In “One” Seven was faced with the bleak reality of isolation. In “Human Error”, Seven is faced with actually choosing her future. She can remain an exotic Ex-Borg and maintain the level of contact she has with people or try and actually become human removing the entire Ex-Borg thing from the table altogether. She runs a simulation to decide choosing to oscillate like the metronome of the simulated piano (standing in as a lovely metaphor for the Borg aspect of her nature) between Ex-Borg and human. But experiencing doses of humanity makes the metronome oscillate unpredictably and out of step with the order of her life. And it turns out that her Borg implants have their own built in metronome swinging back and forth insider her head. A metronome that will allow her to be the Ex-Borg Seven of Nine who lives by routines, avoids most social contact and is an outsider looking in at humanity. It won’t however allow her to be Annika Hansen, human being who can have deep complex feelings, intimate relationships and act out of accord with the things that are rationally correct. But ultimately Seven still has the final choice to remove the metronome or keep it, choosing between being fully human or ex-Borg.

By using musical expression as a metaphor for human expression, “Human Error” hints at the richer and deeper aspects of being human that no television program or pithy Janeway speech could actually convey. Instead of delivering its ideas about humanity merely as character speeches, the episode uses metaphor and imagery to convey humanity. By rejecting her humanity, she’s rejecting not merely the music but the ability to create the music. She’ll always be able to listen to the music as an outsider but without any real understanding of it beyond the mechanical. She can even perform pieces in that same polished and perfect but completely soulless way. As in the early parts of her simulation she may in time perfect her mimicry of human beings to the point where she can actually pass for one, but it will remain an inhuman performance in which she can mime humanity but never feel it. On the other hand, she can commit to imperfection and humanity and actually live life as a human being from the inside.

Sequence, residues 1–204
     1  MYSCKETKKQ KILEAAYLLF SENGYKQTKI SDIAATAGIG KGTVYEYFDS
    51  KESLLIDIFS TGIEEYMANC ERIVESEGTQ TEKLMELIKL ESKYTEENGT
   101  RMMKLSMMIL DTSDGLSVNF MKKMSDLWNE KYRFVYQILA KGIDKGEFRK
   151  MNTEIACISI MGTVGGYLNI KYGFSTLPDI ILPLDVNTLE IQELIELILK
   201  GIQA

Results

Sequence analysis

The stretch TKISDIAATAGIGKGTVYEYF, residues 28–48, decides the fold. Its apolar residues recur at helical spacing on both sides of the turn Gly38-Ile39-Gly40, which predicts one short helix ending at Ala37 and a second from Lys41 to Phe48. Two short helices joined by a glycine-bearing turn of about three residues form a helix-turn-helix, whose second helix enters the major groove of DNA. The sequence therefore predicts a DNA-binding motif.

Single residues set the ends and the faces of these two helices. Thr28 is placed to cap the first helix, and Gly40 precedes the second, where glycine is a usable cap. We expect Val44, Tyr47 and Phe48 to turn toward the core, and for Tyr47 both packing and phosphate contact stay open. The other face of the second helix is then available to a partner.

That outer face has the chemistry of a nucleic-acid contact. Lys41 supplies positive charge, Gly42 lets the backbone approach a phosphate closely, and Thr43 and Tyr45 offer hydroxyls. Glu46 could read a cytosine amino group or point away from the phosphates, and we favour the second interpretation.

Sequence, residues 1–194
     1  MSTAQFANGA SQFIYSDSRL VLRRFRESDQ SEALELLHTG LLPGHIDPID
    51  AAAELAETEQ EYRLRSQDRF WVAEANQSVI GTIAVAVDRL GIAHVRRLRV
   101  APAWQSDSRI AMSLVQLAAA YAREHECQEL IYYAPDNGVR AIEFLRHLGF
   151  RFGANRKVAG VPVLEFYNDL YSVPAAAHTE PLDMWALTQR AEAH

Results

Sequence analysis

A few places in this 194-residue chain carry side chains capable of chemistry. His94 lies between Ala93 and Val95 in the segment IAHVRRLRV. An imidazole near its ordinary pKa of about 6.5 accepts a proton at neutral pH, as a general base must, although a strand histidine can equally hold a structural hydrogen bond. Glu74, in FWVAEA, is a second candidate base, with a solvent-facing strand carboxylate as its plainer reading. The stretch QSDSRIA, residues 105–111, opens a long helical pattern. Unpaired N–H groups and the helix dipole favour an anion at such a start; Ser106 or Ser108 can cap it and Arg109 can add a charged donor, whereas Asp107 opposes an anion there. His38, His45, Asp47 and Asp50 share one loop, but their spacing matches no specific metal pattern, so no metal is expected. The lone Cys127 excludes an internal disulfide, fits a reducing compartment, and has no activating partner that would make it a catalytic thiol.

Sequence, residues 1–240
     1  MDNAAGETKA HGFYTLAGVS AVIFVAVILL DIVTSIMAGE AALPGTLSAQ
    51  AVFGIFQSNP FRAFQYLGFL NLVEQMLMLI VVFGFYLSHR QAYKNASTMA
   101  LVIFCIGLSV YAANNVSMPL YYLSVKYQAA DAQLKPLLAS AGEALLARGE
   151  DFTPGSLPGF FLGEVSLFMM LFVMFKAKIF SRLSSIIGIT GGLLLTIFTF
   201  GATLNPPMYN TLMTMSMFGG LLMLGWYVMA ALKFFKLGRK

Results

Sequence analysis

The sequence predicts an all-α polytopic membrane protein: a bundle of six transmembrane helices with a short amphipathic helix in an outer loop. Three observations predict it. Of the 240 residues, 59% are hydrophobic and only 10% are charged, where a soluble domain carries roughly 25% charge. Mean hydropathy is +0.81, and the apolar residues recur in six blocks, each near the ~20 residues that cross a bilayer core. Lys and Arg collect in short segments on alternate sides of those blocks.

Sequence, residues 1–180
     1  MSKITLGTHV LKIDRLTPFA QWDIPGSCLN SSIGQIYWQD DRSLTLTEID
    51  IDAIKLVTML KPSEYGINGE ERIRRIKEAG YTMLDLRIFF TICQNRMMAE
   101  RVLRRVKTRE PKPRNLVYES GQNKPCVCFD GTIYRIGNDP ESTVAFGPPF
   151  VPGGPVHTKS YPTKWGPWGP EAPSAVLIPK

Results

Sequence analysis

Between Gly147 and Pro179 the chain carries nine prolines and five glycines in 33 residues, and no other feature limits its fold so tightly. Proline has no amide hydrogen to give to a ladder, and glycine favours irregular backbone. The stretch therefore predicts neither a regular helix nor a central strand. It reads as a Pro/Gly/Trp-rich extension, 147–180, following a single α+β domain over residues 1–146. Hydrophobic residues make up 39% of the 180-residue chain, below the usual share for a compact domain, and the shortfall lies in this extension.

A subplot in which Voyager stumbles unprepared into an alien equivalent of an artillery testing range provides a somewhat original and plausible crisis to lend intensity to her choice as well as reinforcing the underlying themes of the Seven story. Also, after “Shattered”, “Workforce” parts 1 and 2 and now “Human Error” Robert Beltran gets plenty of material. He even gets to participate in one of Voyager’s more plausible relationships, albeit as a hologram. A while back Barclay was still struggling between real humanity and simulated humanity. Where Barclay always ended an episode supposedly improving but never really improving because by the time the next episode came around he still seemed to be suffering from the same exact problems. On the other hand, by raising the idea of removing her Borg implants and by having Seven reject her humanity, “Human Error” suggests that this matter will indeed be resolved. Paradoxically when an episode ends on a negative note, this makes it far more likely that it will be followed up and significant changes will follow than one that ends on a positive note. And this material is worth following up, too bad it wasn’t followed up a year or two ago.

Next week: Reruns return again with Flesh and Blood.